Bike Jamboree Recap

On the 18th, we hosted our third Plains InsideOUT event, the Bike Jamboree. The event, which was put on in partnership with Great Northern Bicycle Co. and the FM Community Bike Workshop, wasn’t just a bunch of fun activities with bikes. It also demonstrated that art and transportation are vehicles (pun intended) for stitching a city together into a healthier, more vibrant place to live.

The festivities kicked off with a few art-making activities themed around bikes. We made spoke cards, decorated bikes, and worked together in creating a big, bike-able canvas:

We also had some tasty treats, thanks to The Baking Cup:

Later in the evening, about two dozen of us hopped on our bikes to take a public art tour through downtown. Public art is becoming a part of the fabric of downtown Fargo thanks especially to folks like Paul Ide, whose murals were a backbone of the tour. Ide, who we’ve also been working with through the Hip Hop Don’t Stop events, was gracious enough to join us and provide background on his work. We had a lively discussion about commercial art at the Sunny Brook whiskey mural and also debated the placement of the Ten Commandments near the Civic Center and Fargo Public Library. Megan Johnston, our new curator, bravely rode along to lead discussion despite being new to Fargo streets and not having ridden a bike in a while. We ended the ride at the Red Raven Espresso Parlor, where we were treated to lemonade and music by We. The bike tour was a hit. We’ll try doing it again before the end of the summer and we’re also working on a Foursquare list of public art and street art in downtown for those who’d like to check them out themselves.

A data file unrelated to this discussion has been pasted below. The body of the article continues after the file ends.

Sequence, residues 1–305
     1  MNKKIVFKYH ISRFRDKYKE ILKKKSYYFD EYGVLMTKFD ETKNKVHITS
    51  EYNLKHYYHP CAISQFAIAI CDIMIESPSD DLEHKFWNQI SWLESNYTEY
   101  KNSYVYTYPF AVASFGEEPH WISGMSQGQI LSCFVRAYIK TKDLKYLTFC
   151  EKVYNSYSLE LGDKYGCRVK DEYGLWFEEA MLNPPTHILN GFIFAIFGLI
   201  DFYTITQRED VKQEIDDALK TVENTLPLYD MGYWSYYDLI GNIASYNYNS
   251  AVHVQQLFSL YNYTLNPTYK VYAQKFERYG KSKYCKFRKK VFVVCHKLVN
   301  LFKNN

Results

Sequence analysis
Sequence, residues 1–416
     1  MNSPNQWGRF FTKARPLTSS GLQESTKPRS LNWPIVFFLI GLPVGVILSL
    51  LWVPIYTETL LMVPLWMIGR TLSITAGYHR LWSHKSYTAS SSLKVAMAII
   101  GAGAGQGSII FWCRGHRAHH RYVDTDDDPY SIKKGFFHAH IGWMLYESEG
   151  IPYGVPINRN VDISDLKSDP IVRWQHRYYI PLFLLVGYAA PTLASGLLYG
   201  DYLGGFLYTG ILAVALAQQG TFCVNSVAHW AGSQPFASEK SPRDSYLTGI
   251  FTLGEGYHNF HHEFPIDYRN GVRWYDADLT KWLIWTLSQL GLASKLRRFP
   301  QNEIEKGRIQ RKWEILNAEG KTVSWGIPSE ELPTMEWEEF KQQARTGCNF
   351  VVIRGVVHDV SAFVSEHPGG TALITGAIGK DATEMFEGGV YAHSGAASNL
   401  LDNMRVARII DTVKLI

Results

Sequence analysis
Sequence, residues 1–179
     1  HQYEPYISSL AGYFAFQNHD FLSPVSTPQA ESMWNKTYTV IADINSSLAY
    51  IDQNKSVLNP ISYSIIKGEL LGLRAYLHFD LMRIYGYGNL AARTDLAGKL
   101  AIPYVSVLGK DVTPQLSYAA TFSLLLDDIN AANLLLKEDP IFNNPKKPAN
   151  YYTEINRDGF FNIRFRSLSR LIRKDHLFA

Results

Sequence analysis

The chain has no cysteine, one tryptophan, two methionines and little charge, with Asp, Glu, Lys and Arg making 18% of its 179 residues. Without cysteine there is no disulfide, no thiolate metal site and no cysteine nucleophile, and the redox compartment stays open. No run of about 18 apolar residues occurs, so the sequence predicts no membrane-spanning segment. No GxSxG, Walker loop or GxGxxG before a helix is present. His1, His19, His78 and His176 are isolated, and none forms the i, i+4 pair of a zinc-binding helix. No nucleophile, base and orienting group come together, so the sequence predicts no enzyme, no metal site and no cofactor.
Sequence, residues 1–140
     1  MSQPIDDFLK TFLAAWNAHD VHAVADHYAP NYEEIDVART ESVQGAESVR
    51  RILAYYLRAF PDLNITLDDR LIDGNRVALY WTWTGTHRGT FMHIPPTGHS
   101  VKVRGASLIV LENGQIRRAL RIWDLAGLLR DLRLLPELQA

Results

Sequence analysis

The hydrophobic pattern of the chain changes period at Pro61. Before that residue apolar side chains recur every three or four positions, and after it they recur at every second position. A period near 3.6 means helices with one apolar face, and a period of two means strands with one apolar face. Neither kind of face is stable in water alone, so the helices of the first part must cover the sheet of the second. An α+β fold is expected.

PAM curator (center) discusses the Sunny Brook Whiskey mural at 320 5th St N.

The mural by Paul Ide and JAWSH at Roberts Street Studio.

As dark settled in, Tom from Great Northern fired up the Mighty Quinn, a five-person bicycle, for a showing of Pee-Wee’s Big Adventure in the Museum parking lot. About 40 people biked in to watch. And, while it’s a silly movie, showing Pee-Wee’s Big Adventure in this way makes a few serious points. First, it’s possible for entertainment like movies to be enjoyed off the grid. And second, bikes can do more than get us from one place to another. They can literally be an engine for a more sustainable way of life.

It was a wonderful event. Thanks to all who came, and thanks to our hard-working partners at the Bike Workshop and Great Northern. Big, big thanks to our sponsors at Gate City Bank, Milestones Photography, and Spicy Pie for helping to make this a free event. Special thanks to Denise Knudson at DK Custom Framing for leading the bike tour, to Shane Reetz from Fitz and Flick for the photos of the bike tour and the movie (view more at Shane’s Facebook page here), and Britta Trygstad (view more photos on her blog here) from Milestones for photos at the art-making activities.